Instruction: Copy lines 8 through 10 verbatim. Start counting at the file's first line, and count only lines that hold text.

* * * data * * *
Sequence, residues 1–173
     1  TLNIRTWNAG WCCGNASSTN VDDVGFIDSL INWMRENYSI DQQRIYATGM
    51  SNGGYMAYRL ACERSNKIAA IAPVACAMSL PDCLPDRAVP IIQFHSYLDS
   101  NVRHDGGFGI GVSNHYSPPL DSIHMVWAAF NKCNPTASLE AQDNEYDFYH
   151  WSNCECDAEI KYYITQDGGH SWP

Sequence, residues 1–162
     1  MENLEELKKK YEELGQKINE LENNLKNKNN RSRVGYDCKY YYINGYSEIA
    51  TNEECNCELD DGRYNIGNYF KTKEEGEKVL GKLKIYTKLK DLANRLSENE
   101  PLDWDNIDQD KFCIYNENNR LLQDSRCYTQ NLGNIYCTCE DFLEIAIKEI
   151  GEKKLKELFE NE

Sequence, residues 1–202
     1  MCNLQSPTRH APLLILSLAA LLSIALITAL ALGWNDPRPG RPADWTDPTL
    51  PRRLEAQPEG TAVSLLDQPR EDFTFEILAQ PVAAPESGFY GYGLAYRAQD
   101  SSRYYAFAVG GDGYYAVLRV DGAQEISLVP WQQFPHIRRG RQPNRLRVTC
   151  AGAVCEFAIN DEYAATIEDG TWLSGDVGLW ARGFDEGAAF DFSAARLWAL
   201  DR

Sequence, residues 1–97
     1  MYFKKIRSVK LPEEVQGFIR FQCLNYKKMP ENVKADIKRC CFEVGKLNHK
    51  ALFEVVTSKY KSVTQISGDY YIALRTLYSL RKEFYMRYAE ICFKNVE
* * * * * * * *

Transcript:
    51  TNEECNCELD DGRYNIGNYF KTKEEGEKVL GKLKIYTKLK DLANRLSENE
   101  PLDWDNIDQD KFCIYNENNR LLQDSRCYTQ NLGNIYCTCE DFLEIAIKEI
   151  GEKKLKELFE NE